The assumption by lawyers and courts is that in Orthopaedic cases a practicing NHS Consultant will be an expert able to inform the Court in matters of injury that they need to form a reasoned assessment of the case. Much of the time this is not the case.
If you consider the daily work of an Orthopaedic Consultant in the NHS, do they see and assess whiplash associated injuries, back pains, sprains and minor fractures? In the vast majority of cases, never.
Do they assess past medical history that might play on the overall picture of the claimant? Almost never unless it directly affects the part they are treating.
Do they assess disability, the reasonableness of claimed assistance, periods of time off work, suitability of different types of work after an injury? Never.
Are they in a position to assess interacting disability from past conditions, injury being considered, and any future constitutional deterioration? Never. Are they qualified to do so (Occupational Health or Disability qualification)? Exceptionally rare.
Is the expert qualified as an expert, such as having the Cardiff University/ Bond Solon qualification? Most are not. Are they therefore fully aware of the implications of CPR35 and their need to follow them and only inform the Court of areas within their expertise? Many still do not follow the rules as they should and hired guns are still prevalent.
And yet in the vast majority of cases they are put up as an expert in such cases purely on the basis of the position they currently hold, which as can be seen is almost entirely irrelevant to the opinion they are about to give.
Judges all too often take the current NHS Consultant as automatically being an expert in the field they are being judged on and, while court appearances are increasingly rare, I have never seen this challenged by Barristers or Judges.
And the point is this. The Expert has to be experienced and qualified in the area they are claiming to give expert evidence to the Court (although not required by the definition of Expert).
I have never met an expert who has all of the relevant experience and qualifications for the task they are standing in Court to perform, and the result can be a bit if a car crash.
Recently I was in Court with an expert who tried to claim that the condition of the claimant, proven post-accident, must have been present before the index accident. He was instructed by the Insurance Company and was taking their side. That was concerning in itself as he was breaching Part 35, something that neither Barristers or the Judge picked up. He was able to provide no evidence to support his claim. The judge ended up having to go through two different versions of events, each given over about an hour and sift which pieces had supporting evidence and which did not. Fortunately, he got it right; fortunately Judges usually get it right, but I have witnessed some real horrors.
All of these problems would readily and swiftly have been uncovered and resolved by the use of hot tubbing. Personally I would welcome the practice but have never seen it. As Experts we go through a similar process when doing joint reports. This can sometimes be a frustrating process. Recently I did a joint report were we had one area of disagreement. My opposite number (he is not an opponent although judges often use this term) wanted the phrase that the injury was caused by the ‘whiplash mechanism’ in the injury. My counter was that my opinion was based on the fact that the mechanism of the accident ( a rollover) did not include a whiplash mechanism, which is entirely confined to a rear end impact. If this case gets to Court, a hot tubbing would readily sort out who is correct and why – on paper or via individual evidence the Barristers will make certain the water is muddied unless the Expert elaborates to the Judge. I apologise for elaborating to Judges to all those who have witnessed my elaborating to Judges but Learned questions can sometimes be meant to confuse the Judge rather than clarify the case.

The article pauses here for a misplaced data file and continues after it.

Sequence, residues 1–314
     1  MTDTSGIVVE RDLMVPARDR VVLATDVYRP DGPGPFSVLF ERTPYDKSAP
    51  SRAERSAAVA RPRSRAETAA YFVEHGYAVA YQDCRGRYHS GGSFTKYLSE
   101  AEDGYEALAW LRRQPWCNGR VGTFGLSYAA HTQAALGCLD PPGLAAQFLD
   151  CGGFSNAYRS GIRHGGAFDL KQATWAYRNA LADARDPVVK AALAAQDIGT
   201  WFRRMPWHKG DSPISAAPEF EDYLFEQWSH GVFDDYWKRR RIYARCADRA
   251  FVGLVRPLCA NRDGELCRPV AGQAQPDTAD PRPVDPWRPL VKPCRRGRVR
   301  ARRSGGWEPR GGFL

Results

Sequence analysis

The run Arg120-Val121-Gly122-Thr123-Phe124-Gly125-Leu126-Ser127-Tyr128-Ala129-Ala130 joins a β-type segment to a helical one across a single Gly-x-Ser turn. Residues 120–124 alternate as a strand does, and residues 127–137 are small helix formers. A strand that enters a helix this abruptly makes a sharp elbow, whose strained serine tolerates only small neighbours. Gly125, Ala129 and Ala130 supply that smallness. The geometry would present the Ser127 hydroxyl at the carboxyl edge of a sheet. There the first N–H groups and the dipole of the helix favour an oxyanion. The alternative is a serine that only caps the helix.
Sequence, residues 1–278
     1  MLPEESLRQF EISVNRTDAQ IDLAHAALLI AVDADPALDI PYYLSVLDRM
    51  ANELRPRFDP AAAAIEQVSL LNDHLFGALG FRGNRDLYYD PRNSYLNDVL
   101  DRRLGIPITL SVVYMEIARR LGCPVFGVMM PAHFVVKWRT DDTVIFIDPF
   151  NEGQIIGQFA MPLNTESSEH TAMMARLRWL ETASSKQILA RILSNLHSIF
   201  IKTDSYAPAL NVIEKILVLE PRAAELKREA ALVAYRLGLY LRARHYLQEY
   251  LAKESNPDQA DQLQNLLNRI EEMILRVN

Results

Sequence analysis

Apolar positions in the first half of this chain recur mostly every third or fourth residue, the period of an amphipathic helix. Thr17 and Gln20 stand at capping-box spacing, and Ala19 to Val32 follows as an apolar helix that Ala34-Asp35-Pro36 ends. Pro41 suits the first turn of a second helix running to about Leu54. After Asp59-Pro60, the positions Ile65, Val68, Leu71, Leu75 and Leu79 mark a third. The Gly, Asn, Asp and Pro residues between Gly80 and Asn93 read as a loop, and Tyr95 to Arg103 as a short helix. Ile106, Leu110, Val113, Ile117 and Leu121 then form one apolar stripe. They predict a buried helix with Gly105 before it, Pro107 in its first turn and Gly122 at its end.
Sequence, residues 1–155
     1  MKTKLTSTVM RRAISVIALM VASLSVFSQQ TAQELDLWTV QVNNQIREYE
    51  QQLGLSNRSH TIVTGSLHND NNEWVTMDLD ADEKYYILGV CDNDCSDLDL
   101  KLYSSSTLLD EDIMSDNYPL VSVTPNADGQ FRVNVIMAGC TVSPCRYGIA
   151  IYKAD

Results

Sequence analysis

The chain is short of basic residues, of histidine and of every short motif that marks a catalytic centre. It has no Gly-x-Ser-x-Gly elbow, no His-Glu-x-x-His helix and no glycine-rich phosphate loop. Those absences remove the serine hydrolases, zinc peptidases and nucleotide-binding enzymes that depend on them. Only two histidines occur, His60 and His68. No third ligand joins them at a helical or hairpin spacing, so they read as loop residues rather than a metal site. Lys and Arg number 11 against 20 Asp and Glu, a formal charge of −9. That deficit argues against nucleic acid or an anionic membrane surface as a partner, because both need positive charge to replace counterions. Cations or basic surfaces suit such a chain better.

What Experts have to remember, all the time, is that they are not on one side. Too few do so. Barristers remember this some times, Solicitors think of ‘them’ and ‘us’, and their Expert is part of ‘us’. Judges get this wrong regularly. In the above case I was said to have ‘conceded’ certain points: I didn’t concede anything, I never need to. If it is correct and supports one side or the other I will say it is correct. To do otherwise, no matter who instructs, is to break CPR 35
Mr R Scott-Watson
BSc(Hons) MB BS LLB (Hons)(Open)Cert. Av. Med. Cert.MR(2)CUEW DDAM FRCS(Ed)
Orthopaedic Surgeon, Expert Witness & Disability Analyst APIL Expert
Medico-Legal Reporting since 1990. Over 22,000 reports.
- 2018 AI Global Excelence Award – Most Trusted Orthopaedic Expert Witness – UK
- 2018 / 2019 Corporate Intl Magazine Global Award ‘Orthopaedic Therapy Expert Witness of the Year in England’
- Global Law Experts Orthopaedic Surgeon and Disability Analyst Expert of the Year 2017 / 2018
- Orthopaedic Expert Witness (the UK) Leaders in Law (LIL) for 2017/18, 2018/19
- Winner: FORENSIC INSIDER Orthopaedic Award 2016
- Winner: Lawyer Monthly Magazine Orthopaedic Expert Witness of the Year 2016 and 2017
- Winner: Forensic and Expert Witness E Magazine Medico Legal Award 2014/15 & 2016/2017
- Winner: Forensic and Expert Witness E Magazine Lifetime Achievement Award receiver for Trauma & Orthopaedics.
- 2014. Cardiff University Bond Solon Expert Witness Certificate.
- MEOL Accredited Expert.
- MedCo Accredited Expert.DME 4726.
- Fully trained in CPR and in LVI cases.